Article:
Australian government committee urges loot box restrictions

| By contenteditor
An Australian House of Representatives committee has called for the country’s government to introduce new restrictions on loot boxes in video games in order to better protect children and young people from gambling-related harm.

An Australian House of Representatives committee has called for the country’s government to introduce new restrictions on loot boxes in video games in order to better protect children and young people from gambling-related harm.

The House of Representatives Standing Committee on Social Policy and Legal Affairs made a series of recommendations for the Digital Transformation Agency and Australian Cyber Security Centre to consider.

The over-arching recommendation was for the development of standards for online age verification for age-restricted products and services. The Committee said these standards should specify requirements for privacy, safety, security, data handling, usability, accessibility and auditing of age-verification providers.

It highlighted existing technical standards used for age verification in Australia and overseas, including the UK's Age Verification Certificate and the PAS 1296 Age Checking code of practice, Australia's Trusted Digital Identity Framework, and the European Union General Data Protection Regulation.

A further recommendation said that the Office of the eSafety Commissioner or other relevant government department should report to the government on the various options for restricting access to loot boxes and other simulated gambling elements in computer and video games to players aged 18 or over.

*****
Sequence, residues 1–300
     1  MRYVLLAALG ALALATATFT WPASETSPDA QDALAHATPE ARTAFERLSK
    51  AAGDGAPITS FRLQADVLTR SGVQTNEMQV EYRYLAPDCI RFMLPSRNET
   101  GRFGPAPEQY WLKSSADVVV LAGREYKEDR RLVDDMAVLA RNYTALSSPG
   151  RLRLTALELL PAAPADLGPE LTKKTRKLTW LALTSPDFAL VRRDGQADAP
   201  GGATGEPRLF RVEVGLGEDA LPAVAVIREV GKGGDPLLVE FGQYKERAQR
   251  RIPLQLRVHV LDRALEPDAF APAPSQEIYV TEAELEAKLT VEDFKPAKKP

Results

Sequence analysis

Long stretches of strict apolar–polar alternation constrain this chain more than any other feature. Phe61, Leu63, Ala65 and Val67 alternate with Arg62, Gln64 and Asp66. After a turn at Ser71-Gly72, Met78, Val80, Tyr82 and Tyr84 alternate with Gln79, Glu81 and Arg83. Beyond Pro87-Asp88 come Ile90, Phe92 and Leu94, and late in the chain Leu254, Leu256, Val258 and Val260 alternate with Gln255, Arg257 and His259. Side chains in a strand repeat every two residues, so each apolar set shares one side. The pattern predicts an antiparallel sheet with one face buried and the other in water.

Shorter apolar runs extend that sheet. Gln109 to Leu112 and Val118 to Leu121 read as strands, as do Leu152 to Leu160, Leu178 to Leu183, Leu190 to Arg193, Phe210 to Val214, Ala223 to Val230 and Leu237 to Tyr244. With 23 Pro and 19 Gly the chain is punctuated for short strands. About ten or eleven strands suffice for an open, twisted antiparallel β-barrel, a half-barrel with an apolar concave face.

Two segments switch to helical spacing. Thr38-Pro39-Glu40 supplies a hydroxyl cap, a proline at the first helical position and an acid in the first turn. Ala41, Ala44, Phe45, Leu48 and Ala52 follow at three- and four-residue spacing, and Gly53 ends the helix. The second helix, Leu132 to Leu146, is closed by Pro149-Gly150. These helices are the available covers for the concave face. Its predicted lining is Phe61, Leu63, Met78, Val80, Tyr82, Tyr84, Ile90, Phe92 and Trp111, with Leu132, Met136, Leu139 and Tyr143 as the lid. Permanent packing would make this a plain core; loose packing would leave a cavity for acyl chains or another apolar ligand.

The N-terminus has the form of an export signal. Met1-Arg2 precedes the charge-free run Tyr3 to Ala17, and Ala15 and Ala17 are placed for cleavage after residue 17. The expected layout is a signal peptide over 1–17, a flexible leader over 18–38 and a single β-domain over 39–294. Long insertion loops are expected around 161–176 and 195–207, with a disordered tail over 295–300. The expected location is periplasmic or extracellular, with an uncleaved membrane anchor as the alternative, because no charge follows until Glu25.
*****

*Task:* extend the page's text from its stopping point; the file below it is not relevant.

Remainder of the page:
Meanwhile, the Committee urged the Digital Transformation Agency to extend its Digital Identity program to include an age verification exchange in order to allow for third-party online age verification.

The government should introduce a requirement that consumers would not able to use an online wagering service without first being verified by the operator that they are 18, it explained. This, the Committee said, should be integrated into the National Consumer Protection Framework for Online Wagering.

In addition, the Committee said that the eSafety Commissioner should seek to develop new educational resources to help inform parents about the various risks associated with online gambling, as well as help them to reduce children and young people’s exposure to online gambling.

The recommendations come after the Longitudinal Study of Australian Children's (LSAC) annual statistical report in December last year revealed that just under one in six Australians aged 16-17 gambled in the past year.

Of the 15.7% of participants who said they gambled, most were boys, with just over 19% of boys and 12% of girls taking part in gambling activities. Private bets with friends or family – the only legal type of bet a 16 or 17-year-old can partake in – were the most common form of betting.

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